If you have a child who suffers from a type of disability which makes it impossible for the child to make his/her own decisions, then you will need to obtain legal guardianship of that child once the child nears the age of 18. At eighteen years old, a child is considered an adult and, so, the parent is not able to make decisions for the child unless the parent has been appointed the legal guardian. Of course, the guardianship can be done after the child’s 18th birthday, as long as it is clear that the disability began before the age of majority.
New York has made it relatively easy for the parents of disabled children to become the legal guardians. It is accomplished through an Article 17A proceeding, and is done through the Surrogates Court. This is a simpler, less expensive procedure that is specifically for disabled children. There are several forms required to be filed with the Court and then a hearing date is set when the parents and child appear personally. One of the many advantages of the procedure is that the parents can list other family members or persons to step in as legal guardian in the event they become unavailable.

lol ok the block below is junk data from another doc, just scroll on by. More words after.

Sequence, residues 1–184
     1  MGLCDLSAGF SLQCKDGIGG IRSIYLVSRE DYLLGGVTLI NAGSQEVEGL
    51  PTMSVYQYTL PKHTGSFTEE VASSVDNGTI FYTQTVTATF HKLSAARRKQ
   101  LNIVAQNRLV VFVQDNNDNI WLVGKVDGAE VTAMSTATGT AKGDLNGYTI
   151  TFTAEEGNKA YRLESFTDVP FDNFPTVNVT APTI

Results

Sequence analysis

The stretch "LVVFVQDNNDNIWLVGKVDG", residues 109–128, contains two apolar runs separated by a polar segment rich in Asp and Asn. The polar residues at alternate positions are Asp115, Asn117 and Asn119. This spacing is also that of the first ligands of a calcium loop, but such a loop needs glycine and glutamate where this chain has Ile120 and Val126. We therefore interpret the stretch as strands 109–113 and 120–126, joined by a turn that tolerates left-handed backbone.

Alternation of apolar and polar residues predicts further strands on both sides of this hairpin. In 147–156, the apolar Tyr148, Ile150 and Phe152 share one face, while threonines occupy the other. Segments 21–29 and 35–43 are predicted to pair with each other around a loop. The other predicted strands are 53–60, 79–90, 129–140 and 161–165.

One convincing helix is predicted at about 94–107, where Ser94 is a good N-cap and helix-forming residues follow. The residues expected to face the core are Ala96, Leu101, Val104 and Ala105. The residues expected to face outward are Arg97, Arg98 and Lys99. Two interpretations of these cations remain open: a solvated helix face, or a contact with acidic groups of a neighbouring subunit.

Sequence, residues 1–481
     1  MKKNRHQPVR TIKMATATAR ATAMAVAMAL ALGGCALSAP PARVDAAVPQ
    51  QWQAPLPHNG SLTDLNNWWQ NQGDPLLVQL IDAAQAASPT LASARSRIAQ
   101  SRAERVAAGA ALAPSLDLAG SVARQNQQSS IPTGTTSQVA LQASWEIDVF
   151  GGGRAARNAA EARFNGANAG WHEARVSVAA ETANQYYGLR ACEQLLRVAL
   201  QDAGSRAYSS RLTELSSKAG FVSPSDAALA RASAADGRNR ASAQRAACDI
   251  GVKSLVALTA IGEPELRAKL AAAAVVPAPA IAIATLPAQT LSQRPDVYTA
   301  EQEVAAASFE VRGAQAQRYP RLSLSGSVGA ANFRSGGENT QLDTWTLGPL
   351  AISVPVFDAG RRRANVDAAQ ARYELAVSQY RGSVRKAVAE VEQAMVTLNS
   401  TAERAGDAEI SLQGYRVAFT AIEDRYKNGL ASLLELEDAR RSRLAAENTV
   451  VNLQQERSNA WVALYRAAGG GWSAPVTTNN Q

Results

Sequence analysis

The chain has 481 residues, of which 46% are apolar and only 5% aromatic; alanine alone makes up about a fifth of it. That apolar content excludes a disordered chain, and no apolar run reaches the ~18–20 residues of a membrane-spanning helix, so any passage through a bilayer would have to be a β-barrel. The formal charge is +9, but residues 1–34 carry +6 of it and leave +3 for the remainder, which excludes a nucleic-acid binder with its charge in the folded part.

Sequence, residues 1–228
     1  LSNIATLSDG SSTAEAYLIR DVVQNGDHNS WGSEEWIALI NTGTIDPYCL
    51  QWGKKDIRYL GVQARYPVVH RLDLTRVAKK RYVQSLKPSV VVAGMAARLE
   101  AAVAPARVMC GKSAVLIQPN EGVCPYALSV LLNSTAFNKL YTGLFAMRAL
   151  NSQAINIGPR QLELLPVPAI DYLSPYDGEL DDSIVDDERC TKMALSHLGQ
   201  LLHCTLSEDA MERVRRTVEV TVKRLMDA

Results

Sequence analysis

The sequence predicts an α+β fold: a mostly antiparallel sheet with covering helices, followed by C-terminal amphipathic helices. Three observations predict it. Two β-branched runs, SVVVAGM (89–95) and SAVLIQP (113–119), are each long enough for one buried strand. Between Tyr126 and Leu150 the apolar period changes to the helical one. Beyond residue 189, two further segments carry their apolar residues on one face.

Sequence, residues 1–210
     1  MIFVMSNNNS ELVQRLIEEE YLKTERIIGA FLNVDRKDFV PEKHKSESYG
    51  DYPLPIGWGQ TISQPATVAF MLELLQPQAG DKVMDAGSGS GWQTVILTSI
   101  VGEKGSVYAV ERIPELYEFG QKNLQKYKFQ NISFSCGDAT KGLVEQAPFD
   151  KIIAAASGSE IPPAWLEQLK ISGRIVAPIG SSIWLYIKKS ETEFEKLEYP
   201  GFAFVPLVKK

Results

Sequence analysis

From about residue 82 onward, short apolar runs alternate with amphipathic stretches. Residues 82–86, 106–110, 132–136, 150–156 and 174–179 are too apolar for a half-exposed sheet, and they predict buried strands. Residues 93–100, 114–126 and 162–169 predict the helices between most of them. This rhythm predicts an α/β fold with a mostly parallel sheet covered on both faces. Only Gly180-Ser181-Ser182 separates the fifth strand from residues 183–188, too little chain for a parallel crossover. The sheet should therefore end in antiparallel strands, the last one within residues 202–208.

Guardianship will permit the parent (or other guardian) to make all decisions for the child, including health care decisions, and to manage the child’s income and assets, if any. While the proceeding can be done without an attorney, it is highly recommended that a lawyer experienced in handling these proceedings be retained for this purpose.